With computers and the internet pervading - if not almost ruling - every aspect of daily life, electronic payment for goods and services in the High Street is becoming the norm. As well as the use of credit and debit cards, increasingly we are using phones with apps like Apple Pay and buying a couple of coffees is as simple as tapping the card reader.
However, you are usually asked if you want a receipt. Invariably you hear customers declining and that certainly saves paper. Being of the old school, however, I have always kept a close watch on my personal finances and like to maintain a comprehensive record of everything I have spent and a running total of funds left for the rest of the month. I operate a monthly budgeting spreadsheet for regular payments and direct debits plus how much I should 'put aside' for things like holidays, fuel, insurances, major purchases and so on. With my system I can enter miscellaneous sums of money I have spent and then check them off against monthly credit card bills and bank statements. Some will say that all I need are the monthly statements but I cannot feel that I would be able to recall what each and every minor item of expenditure was for.
I was taught how to budget and manage money at an early age. Mostly I picked this up from my father who kept meticulous records both in his business and his personal life. It just became a habit with me too. Over the years I have come to enjoy a satisfactory end of the month feeling when everything balances. I do wonder whether people would be less likely to run into financial problems if careful money management was taught and practised a little more.
This article was published recently by Matthew Webster who writes a weekly newsletter called 'Ask Webster (A guide to Digital Life)' which is well worth subscribing to at bit.ly/2uUjxrF
This piece relates to the accuracy of opinion polls/petitions and just happens to be Brexit-related. It is not intended to be political in any way and does not relate to my own Brexit persuasions be they 'In', 'Out' or 'Shake it all about'.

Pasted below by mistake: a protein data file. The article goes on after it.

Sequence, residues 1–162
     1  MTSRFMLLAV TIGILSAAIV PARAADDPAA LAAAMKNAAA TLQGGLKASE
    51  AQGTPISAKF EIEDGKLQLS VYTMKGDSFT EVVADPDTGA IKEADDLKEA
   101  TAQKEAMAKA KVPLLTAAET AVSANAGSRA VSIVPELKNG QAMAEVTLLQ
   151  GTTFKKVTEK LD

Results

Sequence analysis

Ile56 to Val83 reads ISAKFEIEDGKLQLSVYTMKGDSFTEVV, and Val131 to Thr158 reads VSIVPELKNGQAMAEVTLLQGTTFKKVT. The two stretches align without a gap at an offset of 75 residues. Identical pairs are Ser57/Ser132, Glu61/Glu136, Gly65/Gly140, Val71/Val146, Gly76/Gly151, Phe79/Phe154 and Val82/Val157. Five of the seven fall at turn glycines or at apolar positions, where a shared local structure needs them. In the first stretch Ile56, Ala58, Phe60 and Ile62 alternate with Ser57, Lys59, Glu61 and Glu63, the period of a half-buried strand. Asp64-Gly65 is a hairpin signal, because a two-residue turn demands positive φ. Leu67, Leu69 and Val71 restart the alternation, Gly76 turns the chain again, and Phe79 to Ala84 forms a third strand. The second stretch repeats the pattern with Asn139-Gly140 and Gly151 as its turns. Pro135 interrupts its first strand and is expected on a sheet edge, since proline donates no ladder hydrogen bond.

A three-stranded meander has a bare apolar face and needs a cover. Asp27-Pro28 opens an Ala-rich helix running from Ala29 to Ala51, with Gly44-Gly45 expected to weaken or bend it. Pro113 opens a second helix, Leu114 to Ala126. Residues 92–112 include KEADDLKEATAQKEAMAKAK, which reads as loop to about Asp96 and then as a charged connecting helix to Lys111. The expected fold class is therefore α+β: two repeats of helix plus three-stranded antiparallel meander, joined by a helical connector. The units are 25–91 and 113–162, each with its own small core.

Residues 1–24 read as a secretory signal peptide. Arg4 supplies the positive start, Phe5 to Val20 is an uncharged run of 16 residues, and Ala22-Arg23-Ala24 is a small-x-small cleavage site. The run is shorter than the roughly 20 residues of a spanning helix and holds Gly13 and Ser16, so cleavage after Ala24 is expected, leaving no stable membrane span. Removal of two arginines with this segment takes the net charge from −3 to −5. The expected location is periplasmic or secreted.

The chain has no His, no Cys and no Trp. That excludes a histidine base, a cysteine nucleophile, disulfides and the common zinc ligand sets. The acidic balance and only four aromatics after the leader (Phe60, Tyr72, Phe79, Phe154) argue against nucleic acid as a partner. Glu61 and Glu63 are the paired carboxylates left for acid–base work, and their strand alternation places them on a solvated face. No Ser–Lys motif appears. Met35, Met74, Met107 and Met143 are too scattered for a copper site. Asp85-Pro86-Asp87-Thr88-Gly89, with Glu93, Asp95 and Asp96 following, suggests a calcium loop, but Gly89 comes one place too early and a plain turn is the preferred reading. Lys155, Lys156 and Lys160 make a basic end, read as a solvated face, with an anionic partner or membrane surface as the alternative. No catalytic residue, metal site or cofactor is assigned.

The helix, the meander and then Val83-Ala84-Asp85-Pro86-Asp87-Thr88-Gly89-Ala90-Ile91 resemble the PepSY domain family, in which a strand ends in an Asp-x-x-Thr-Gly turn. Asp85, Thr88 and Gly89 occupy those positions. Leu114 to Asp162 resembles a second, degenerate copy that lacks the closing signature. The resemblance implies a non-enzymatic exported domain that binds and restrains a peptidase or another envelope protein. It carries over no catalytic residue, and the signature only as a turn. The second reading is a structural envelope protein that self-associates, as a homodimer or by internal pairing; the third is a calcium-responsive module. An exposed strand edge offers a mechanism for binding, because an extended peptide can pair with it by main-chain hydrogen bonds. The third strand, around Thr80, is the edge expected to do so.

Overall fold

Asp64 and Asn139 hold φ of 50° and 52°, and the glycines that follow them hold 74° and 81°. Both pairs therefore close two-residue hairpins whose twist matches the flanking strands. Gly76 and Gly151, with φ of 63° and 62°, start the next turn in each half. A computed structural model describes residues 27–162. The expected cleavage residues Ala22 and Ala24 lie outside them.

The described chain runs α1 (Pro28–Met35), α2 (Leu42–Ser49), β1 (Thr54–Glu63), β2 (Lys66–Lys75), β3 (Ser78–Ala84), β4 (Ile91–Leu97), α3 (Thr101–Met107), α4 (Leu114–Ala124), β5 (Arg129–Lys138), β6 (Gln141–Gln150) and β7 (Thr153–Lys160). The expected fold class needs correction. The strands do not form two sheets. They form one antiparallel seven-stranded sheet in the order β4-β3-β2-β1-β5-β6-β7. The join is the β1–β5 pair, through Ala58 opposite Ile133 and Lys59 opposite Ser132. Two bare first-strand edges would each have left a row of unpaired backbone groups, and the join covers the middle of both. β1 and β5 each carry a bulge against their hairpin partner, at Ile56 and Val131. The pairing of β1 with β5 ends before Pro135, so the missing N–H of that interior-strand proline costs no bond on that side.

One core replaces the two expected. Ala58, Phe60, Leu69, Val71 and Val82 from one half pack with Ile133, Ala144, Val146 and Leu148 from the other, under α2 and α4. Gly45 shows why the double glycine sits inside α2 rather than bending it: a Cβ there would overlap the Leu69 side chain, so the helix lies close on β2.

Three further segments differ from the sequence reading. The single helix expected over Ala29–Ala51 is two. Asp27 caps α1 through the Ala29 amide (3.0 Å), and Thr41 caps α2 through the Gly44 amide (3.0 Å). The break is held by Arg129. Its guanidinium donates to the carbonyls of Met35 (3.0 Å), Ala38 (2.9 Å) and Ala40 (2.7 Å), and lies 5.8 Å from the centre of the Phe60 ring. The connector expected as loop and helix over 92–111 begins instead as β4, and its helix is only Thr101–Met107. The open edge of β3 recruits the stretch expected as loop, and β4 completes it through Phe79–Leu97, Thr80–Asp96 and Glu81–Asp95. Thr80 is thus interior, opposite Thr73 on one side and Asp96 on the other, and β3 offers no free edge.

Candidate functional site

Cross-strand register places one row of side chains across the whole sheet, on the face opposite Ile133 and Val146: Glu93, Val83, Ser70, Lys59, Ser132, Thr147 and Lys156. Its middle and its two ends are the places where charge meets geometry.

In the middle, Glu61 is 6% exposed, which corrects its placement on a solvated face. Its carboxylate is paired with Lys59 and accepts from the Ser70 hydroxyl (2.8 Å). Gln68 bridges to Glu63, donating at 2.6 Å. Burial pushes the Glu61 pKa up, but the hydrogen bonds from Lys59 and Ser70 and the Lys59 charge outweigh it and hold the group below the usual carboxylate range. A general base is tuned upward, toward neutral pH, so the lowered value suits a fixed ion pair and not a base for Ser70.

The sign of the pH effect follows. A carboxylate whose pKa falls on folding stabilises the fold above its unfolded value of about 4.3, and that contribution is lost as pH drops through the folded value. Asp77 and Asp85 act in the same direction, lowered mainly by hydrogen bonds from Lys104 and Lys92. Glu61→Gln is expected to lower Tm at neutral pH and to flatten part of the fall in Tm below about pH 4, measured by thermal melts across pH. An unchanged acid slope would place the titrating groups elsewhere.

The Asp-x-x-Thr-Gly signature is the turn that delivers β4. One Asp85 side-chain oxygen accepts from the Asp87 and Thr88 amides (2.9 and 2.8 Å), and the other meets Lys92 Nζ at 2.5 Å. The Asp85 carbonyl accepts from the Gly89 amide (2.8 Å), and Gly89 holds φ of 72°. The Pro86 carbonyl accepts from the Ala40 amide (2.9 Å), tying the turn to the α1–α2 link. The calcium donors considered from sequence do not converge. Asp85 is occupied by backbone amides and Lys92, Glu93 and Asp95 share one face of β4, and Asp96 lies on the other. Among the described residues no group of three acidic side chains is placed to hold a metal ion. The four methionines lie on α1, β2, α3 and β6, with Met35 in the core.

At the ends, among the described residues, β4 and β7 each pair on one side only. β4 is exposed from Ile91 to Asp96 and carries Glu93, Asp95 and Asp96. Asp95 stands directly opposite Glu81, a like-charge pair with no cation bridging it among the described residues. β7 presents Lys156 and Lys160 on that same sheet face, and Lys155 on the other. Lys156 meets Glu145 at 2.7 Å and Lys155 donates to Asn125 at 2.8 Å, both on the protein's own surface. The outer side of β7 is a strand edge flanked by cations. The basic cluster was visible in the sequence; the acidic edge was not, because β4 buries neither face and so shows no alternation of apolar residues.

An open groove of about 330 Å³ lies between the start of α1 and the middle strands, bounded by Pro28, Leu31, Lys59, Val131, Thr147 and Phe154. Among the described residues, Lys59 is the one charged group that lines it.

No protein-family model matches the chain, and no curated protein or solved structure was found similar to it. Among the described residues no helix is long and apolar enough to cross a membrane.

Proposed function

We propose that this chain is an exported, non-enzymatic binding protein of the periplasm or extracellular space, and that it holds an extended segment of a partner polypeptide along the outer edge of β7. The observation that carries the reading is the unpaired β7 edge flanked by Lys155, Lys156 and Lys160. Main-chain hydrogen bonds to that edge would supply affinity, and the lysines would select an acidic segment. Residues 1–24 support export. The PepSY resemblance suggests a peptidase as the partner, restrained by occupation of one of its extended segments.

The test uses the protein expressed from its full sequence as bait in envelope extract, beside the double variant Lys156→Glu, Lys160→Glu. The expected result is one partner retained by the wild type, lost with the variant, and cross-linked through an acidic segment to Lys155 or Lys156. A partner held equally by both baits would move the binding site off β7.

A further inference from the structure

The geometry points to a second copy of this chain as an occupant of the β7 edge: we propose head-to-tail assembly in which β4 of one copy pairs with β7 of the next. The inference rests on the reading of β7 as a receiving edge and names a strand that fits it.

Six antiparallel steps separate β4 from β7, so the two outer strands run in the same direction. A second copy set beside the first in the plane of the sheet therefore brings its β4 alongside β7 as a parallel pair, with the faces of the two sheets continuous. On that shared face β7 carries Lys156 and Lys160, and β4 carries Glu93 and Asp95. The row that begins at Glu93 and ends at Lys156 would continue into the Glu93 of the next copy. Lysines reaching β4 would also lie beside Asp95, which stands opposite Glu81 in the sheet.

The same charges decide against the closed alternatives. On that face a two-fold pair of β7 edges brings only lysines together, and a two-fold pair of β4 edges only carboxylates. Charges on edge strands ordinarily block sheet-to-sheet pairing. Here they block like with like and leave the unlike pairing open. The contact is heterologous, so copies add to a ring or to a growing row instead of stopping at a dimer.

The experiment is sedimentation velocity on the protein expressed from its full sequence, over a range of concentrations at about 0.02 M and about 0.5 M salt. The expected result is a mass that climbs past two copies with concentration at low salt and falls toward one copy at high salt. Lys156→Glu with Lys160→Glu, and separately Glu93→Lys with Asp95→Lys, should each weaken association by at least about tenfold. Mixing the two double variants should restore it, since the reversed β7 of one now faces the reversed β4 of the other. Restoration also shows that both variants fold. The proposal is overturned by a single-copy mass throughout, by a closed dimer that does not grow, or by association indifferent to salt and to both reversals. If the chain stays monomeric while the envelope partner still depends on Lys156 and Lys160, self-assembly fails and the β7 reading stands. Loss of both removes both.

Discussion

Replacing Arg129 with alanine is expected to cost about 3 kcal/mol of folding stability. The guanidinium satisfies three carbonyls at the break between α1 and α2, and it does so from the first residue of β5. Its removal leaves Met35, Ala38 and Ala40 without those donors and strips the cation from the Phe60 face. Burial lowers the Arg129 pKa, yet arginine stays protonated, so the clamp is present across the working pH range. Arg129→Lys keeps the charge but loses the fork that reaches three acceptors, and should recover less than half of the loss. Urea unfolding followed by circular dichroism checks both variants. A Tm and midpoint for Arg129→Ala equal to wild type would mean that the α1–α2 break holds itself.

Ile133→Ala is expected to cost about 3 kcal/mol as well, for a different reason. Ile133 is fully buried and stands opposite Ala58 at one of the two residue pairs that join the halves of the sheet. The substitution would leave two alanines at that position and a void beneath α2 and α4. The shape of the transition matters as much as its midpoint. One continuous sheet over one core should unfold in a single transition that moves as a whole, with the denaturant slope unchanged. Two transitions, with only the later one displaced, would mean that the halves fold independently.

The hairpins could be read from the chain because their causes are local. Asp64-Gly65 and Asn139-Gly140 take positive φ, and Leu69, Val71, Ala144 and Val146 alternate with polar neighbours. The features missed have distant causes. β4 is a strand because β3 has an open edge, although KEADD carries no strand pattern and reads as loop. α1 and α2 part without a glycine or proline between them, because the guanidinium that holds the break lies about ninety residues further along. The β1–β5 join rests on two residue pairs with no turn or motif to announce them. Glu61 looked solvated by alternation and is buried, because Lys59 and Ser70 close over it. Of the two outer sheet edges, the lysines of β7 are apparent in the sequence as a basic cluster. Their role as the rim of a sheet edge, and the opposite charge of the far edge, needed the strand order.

The Government's online petition site includes a petition to 'Revoke Article 50 and remain in the EU'. It has over six million signatures, which is impressive, although it turns out that 72,000 of them are fictitious. They were planted by a Digital Marketing firm in Manchester, costing them £22 and a few hours work.
How is this possible? First, one of their technical wizards wrote a little programme that created unique submissions and completed the email conformation procedure. Then, they used a free online service to generate random but genuine postcodes and a random name generator. They spent £12 setting up a new email mailbox and £10 on a month’s access to thousands of what are called 'proxy IP' addresses. This made it appear that the entries were coming from different computers. They left this system to run over the weekend, at the end of which 72,000 fake names were added to the petition.
To show how easy it was they then went public with the stunt and, in so doing, cast doubt on this and any other online polls. Read about it at bit.ly/2UqWbco. If one small firm in Manchester can do this, imagine what a determined organisation with time and resources could do.
Given the simplicity of the deceit, it is hard to believe that they were the only ones trying to skew the results of the poll. Remember to treat all online polling with caution, even if you do agree with the results!